Now that Iqbal Khan has left Credit Suisse and is sitting at home twiddling his thumbs after failing to get the top job at Julius Baer, there's more time to lament his disappearance. And lament seems to be the right word - because not only was Khan very good at his job (profits increased 80% in the private banking unit at Credit Suisse during his tenure), he seems to have been a nice sort guy.
In a long article on the young and handsome Khan, Bloomberg ennumerates the ways this niceness was expressed. There was a lack of grandiosity: Khan flew economy from Switzerland to Mexico in 2016 in order to hire a team of 12+ relationship managers from UBS. There was keen observation of other people's physical needs: Khan noted a wealthy client without a chair at an event run by a competitor and made sure he was seated. And there was solicitude for the wellbeing of others: Khan gave unsolicited career advice to the career-confused son of a Russian client and sent condolences to a rich widow when his own relationship managers neglected to.
Undoubtedly there were also flashes of naked ambition and the sort of non-pathological narcissism that leads you to a top banking job before you're even 40 and then prompts you to start rattling the cage of the chief executive when you think you should be moving even higher. - 'People who know' Khan told Bloomberg that he can also be, "confident, even overly so," and that he's capable of 'shaking up hierarchies', which might be a euphemism for being an upstart.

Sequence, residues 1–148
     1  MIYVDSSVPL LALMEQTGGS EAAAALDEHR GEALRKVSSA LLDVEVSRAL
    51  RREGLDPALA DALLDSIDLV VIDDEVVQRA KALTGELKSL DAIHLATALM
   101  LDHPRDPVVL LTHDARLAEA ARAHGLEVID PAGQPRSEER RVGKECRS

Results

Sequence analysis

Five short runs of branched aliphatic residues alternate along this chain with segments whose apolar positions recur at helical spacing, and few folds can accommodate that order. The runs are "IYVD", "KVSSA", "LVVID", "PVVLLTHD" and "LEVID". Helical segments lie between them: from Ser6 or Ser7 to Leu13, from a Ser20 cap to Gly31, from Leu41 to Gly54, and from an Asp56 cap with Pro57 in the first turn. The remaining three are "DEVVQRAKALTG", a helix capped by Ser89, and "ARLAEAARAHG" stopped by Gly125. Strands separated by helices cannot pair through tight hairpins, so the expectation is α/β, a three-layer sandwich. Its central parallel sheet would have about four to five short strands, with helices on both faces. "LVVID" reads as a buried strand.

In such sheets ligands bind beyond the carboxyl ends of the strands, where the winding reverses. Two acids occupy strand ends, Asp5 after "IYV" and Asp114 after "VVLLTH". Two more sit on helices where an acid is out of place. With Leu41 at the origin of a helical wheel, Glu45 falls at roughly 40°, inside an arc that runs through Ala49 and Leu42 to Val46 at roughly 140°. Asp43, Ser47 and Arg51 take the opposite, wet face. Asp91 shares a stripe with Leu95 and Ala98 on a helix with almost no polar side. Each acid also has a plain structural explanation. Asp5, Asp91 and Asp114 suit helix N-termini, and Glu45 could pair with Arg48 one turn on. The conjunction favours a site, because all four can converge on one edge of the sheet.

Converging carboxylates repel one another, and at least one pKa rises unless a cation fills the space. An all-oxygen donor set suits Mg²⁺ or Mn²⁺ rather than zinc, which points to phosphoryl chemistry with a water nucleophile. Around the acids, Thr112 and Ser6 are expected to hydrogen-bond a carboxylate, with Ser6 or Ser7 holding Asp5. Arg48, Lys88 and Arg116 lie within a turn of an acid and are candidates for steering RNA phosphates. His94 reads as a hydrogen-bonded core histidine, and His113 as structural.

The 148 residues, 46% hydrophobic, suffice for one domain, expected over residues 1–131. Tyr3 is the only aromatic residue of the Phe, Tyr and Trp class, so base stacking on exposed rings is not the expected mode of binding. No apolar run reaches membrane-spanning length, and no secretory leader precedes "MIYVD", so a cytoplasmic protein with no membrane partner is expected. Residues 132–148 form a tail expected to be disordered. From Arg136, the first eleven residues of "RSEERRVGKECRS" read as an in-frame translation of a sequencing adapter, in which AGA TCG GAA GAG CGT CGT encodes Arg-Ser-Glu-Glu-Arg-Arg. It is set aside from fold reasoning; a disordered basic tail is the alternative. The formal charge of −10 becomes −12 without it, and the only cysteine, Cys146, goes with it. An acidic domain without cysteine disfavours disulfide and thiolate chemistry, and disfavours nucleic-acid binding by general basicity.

Either way, Khan seems to have been the sort of hard-working (middle of the night conference calls were a thing), successful and yet selectively humane person that most banks would love to hire. And now that he's gone from Credit Suisse, he seems to be missed. - In a move that should surely be studied by any banker looking for an encomium, Khan reportedly 'dropped in' on a townhall meeting held by his low-key successor Philipp Wehle to much applause. CEO Tidjane Thiam also praised Khan on a call with Credit Suisse's wealth management executives - a bit begrudgingly, surely.
Separately, don't mess with Christian Sewing. Following those photos of tailors leaving Deutsche Bank on Monday after measuring-up bankers for £1.5k (or was it £1.2k?) suits, Sewing told Handelsblatt that he called the two bankers whose measurements were taken to say that their actions were not in line with Deutsche's values. "The two colleagues will not forget my call," said Sewing.
In the same interview, Sewing said not all 18,000 job cuts will be in Deutsche's investment bank, and that the number includes cuts already happening at Postbank. Handelsblatt observed the Postbank cuts account for 6,000 people.
Citigroup hired some bankers in South Africa but they have no deals to do. (Bloomberg)
"Being out late with clients and getting limited sleep may have contributed to my poor health diagnosis...It became this perpetual cycle of not sleeping, then worrying about not hitting my targets and not getting paid or promoted . . . It was draining me. I wanted to learn and grow but I just felt like a hamster in a wheel.” (Financial Times)
Trump says Deutsche is “now badly written about and maligned." (WSJ)
Deutsche Bank is also implicated in Goldman Sachs' 1MDB scandal. In fact, in the most recent version of the Justice Department’s civil asset-forfeiture complaint, in which it details the 1MDB scheme at length, Deutsche Bank is mentioned 167 times. Goldman Sachs is mentioned 56 times. (WSJ)
Middle aged Chinese bankers are wearing Under Armour to seem young. (Global Capital)
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